I remember family holidays; the Cairns, Purdie and Davidson families off to Ibiza, 6 adults, 6 children; great days on the beach, happy hour at the bar, long nights and early mornings, the odd hangover and the kids wanting to play at every moment. Douglas would say from his sunbed ‘your turn Diana’.

In 1991 the family moved to South Riccalton and Douglas ‘commuted’ to farm at Swinside until 2001 when he was dealt a terrible blow with the outbreak of Foot & Mouth. He was devastated at the loss of his healthy livestock and this was to be a defining moment for him. He decided to give up the tenancy of Swinside and the family took North Riccalton, bringing together again North and South Riccalton.

After graduating, Jamie returned to work on the farm in 2005, bringing home his wife-to-be, Natalie. Douglas was delighted. He often said he could not have asked for a nicer daughter-in-law. I remember clearly how excited and pleased he was when he found out he was to be a Granpa and last year his grand-daughter, Imogen was born. Once Andrew had graduated he started his travels, jetting off to Australia where Douglas and Diana visited him. Andrew returned from Australia to help Jamie on the farm when Douglas became ill last year.

Douglas was a member of Jedburgh & District Round Table and enjoyed many happy years as a round tabler. This involved charity fund raising, rugby weekends to both Neath and South Dublin Round Tables where a 3 way link was established, and a very active social calendar involving wives and children. As you retire from Round Table at the age of 40 it was decided to form a 41 club which Douglas was the founder Chairman. Away weekends with our better halves are still a very enjoyable part of the 41club calendar and Douglas looked forward to these, being in St. Andrews back in February this year. Douglas was maybe not the life and soul of the party but he was always very much part of the party and time spent in his company meant laughter. He always had a one liner, a nickname for you, an answer, his wit was extremely funny.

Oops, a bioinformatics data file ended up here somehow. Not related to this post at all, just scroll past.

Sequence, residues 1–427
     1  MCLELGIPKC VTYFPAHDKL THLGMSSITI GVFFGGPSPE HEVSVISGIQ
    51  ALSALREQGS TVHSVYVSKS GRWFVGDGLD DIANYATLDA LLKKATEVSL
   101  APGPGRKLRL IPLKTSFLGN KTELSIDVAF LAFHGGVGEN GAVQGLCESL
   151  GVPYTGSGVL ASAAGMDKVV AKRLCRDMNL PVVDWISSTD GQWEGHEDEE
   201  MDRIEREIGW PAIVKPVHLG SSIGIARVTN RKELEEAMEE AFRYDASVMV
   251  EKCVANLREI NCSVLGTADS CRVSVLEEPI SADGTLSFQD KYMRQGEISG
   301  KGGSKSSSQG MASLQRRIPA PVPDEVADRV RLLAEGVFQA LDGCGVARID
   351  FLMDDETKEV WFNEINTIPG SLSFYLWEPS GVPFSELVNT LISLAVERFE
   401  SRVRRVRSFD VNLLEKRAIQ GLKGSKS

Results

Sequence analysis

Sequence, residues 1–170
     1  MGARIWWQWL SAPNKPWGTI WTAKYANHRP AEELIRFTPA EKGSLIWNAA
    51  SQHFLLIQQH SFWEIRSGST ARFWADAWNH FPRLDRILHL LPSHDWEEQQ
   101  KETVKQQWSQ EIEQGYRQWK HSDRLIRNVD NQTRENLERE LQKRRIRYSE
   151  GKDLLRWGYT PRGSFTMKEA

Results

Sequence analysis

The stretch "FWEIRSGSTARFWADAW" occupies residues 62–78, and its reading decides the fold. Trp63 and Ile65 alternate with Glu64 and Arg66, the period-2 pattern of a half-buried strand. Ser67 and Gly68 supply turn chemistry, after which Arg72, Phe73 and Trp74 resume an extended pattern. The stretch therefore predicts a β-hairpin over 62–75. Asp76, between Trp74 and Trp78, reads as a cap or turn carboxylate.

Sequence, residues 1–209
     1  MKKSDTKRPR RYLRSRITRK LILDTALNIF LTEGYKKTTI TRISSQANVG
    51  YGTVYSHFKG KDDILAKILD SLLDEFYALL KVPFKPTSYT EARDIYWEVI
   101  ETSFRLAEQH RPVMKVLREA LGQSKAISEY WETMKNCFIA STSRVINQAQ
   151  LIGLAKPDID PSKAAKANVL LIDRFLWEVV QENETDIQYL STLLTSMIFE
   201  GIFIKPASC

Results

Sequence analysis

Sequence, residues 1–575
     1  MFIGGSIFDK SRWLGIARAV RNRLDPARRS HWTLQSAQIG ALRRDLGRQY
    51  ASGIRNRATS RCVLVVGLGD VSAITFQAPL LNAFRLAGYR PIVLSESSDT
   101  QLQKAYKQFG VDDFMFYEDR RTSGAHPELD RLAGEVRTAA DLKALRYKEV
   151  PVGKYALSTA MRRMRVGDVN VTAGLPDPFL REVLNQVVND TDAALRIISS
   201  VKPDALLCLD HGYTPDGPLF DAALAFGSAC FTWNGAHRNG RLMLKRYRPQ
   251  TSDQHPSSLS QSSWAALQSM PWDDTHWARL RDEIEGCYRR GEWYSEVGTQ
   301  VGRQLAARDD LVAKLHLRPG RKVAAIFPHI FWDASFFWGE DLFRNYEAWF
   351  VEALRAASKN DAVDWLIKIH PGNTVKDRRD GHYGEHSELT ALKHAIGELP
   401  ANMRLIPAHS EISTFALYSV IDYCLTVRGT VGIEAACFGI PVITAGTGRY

Rugby, as you know, was another of Douglas’s passions and we witnessed many a good game together, both at home and away. Douglas was not the best company to sit beside at a home game as, once the game started, he would put on his headphones and would listen to Bill McLaren’s commentary or sometimes would watch the rugby and listen to the Hearts game at the same time. Not a word was spoken until half time.

Douglas, James Allen, Jim Purdie and myself in 1995 went on a ‘Davidson’s tours’ as Douglas called them to South Africa for the 1995 Rugby World Cup following Scotland up to the quarter final. This reminds me of a tale from the tour when in Pretoria. As Douglas was in charge of the kitty money he reckoned he was entitled to sit in the front seat of any taxi we hailed and on one occasion, as we were driving along, he asked the taxi driver what tribe he belonged to? The driver replied ‘Zulu’ tribe and then asked Douglas ‘what tribe are you boss?’. The reply was ‘Cairns’ tribe. The taxi driver then asked would he like to meet his family who lived in the local township and with a panic in his voice, and some words from the back seat, the offer was declined. When we arrived at the hotel and got out the taxi Douglas said to me ‘you know, that’s the first time someone has ever called me boss’!